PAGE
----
Aisles Abroad is a monthly feature that examines notable grocery initiatives outside the U.S.
When Swiss food retailer Migros was making plans for a combination supermarket and food hall in the heart of Switzerland’s largest city, the company made design flexibility a top priority.
The store, which debuted in early April just steps from Zurich’s central railroad station and is known as Bridge, features an array of prepared foods from local purveyors along with a curated selection of packaged goods and other foods. But while Migros had clear ideas about what would prove popular with shoppers based on decades of experience, the retailer recognized that it would likely want to make adjustments after opening the showcase store, which serves as a testing ground for new concepts the company develops.
“It was always part of the discussion that we said we want to explore those possibilities with being flexible in a store … and now it’s really a part of our DNA that we have pop-ups and we are on the move,” said David Böhler, managing director of the 21,500-square-foot food market. “We’re doing stuff we never did before, so we need to change quickly if we see it doesn’t work.”
To accomplish its goal, Migros turned to longtime partner Interstore | Schweitzer, a retail design firm and equipment supplier based in Italy that has developed a modular grocery store concept centered around mobile fixtures that can easily be rearranged.
The units, many of which are on wheels, attach to utilities like electricity and water using connections to the ceiling and do not require drains or other accommodations in the floor, according to Bernhard Schweitzer, owner and CEO of the firm, which was founded as a refrigeration equipment company by his grandfather in 1927. The system, known as Flexstore, also uses vacuum lines to enable mobility.
“With Flexstore, you’re not going to build it and then have it for the next 10 years like traditional technology,” but will instead be able to justify making changes much sooner, Schweitzer said.
The pandemic has also put a spotlight on the importance of building in flexibility when planning a grocery store.
“Coronavirus helped us, unfortunately, a lot, because it really meant that certain departments had to grow dramatically very fast, and other ones [have to] be reduced,” Schweitzer said. “Now that we are going back to a new normal, we have to find out and all our clients have to find out how much we need and how much we have.”
A flexible store design also reflects the increasing focus on in-store experimentation. As digital innovation and consumer demand evolves, being able to swap store fixtures quickly could help retailers test out more fresh concepts.
The Bridge store’s flexible design has already proved valuable for Migros. For example, the store team decided to reduce the size of the bread department and added an ice cream section with little disruption, Böhler said.
“What I experienced in the past is that you have a lot of great ideas, but the problem is you can’t change [things] easily and it always costs money,” he said.
Expanding in Europe and beyond
German grocery banner Kaufland opened the first supermarket based on the Flexstore concept in July 2019 in Bucharest, Romania. Kaufland is part of Schwarz Group, which also owns Lidl.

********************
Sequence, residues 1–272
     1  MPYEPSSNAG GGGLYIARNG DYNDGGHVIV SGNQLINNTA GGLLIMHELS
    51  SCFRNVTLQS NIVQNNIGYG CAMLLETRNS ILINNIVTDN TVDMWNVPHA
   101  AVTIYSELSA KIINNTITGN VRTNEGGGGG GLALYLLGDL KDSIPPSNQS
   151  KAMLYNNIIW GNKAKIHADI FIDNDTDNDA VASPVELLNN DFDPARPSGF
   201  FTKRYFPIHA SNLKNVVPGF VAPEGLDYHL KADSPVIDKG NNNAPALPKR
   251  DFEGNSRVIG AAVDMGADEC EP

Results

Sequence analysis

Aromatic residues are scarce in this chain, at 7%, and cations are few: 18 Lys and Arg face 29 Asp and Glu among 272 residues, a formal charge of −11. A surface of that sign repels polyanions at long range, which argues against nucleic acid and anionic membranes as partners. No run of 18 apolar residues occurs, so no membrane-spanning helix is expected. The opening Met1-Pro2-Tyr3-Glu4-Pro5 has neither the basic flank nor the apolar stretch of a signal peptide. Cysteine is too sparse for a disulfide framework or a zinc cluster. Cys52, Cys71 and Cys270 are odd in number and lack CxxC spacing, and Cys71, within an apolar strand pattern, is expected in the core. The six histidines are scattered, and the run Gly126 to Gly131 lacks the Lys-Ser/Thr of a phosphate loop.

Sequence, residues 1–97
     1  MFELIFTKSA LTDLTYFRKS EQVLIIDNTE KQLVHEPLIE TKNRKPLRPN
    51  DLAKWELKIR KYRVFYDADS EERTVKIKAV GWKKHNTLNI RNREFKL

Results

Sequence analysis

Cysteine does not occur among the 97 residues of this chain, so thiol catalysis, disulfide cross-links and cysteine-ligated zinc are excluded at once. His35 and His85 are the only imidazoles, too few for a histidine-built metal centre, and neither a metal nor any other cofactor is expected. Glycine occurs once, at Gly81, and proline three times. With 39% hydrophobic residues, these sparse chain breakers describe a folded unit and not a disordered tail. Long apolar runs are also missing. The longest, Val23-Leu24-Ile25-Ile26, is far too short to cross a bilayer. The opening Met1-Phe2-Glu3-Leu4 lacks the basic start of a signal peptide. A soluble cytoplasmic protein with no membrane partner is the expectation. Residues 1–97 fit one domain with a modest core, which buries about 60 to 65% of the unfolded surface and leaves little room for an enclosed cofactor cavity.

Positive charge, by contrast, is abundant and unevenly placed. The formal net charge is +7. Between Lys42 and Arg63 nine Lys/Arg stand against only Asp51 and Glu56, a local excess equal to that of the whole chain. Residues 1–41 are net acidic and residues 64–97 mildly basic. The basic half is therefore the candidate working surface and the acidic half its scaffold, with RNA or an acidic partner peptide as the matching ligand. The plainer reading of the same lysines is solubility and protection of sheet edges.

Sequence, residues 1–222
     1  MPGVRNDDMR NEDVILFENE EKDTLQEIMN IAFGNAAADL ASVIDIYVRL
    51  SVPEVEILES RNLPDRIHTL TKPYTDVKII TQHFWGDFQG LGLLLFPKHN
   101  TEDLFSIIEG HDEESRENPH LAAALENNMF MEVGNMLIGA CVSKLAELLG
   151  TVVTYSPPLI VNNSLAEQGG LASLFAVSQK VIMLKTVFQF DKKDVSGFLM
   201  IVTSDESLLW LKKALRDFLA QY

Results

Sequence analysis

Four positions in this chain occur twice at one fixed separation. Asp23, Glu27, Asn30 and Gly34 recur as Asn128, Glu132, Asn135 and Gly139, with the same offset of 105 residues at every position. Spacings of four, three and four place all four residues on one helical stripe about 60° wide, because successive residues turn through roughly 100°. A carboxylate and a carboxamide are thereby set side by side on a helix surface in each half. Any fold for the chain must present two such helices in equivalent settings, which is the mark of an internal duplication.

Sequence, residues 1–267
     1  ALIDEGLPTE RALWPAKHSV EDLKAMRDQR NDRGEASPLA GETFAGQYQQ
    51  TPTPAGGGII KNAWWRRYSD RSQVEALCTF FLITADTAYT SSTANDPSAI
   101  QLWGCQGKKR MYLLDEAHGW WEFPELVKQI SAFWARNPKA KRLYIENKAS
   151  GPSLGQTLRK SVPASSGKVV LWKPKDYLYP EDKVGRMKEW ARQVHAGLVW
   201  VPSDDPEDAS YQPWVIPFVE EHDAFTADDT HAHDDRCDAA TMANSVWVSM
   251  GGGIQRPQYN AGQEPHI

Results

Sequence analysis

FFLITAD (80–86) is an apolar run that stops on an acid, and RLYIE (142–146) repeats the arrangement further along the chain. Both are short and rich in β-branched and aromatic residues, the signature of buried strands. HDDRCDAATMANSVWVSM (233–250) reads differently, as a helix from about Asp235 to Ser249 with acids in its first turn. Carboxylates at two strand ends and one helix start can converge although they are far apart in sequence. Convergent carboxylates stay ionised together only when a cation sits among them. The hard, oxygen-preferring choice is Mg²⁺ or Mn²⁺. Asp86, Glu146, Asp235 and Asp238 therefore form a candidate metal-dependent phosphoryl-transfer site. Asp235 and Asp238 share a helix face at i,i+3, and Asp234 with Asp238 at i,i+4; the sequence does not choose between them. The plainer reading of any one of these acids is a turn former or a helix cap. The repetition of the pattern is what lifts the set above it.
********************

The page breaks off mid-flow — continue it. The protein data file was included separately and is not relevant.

Lidl and Migros provided financial support to help Interstore | Schweitzer develop Flexstore, which counts eight of the 15 largest European food retailers as clients, according to Schweizer. The design-and-build firm manufactures about 70% of the systems used in a typical Flexstore-equipped retail space, such as shelving, lighting fixtures and refrigeration equipment, itself, Schweitzer said.
Interstore | Schweitzer is in discussions with food retailers in North America about implementing Flexstore, and stores based on the concept are expected to debut on the continent in late 2021, Schweitzer said, without providing further details.
An optimal time to install the Flexstore system is when a store is under construction or renovation, Schweitzer said. The cost of building a store based on the concept is roughly in line with the investment needed to install traditional fixtures, while retooling a store with Flexstore technology is likely to save money, he noted.
Initial costs aside, Schweitzer said his company’s system allows retailers to modify a store’s layout without having to wait for a period of years to amortize the capital investment in equipment that may be expensive or cumbersome to move or replace.
“It always again brings us back to this idea that I don’t know when and how much, but I know that I have to adapt and change my layout in my stores in the future,” Schweitzer said.
Beyond letting stores modify their layouts rapidly in response to business conditions, Flexstore makes it easier to replace outdated refrigeration equipment, Schweitzer added.
Böhler noted that the flexible design of the Bridge store is providing the opportunity for employees to provide input into how the store’s layout reflects their sense of the way customers behave when they visit.
“We try every day to get close to perfect, [but] the perfect of tomorrow is different than the perfect was today because the environment is changing and people are changing. So we’re really pushing this feedback culture and making it all transparent,” Böhler said.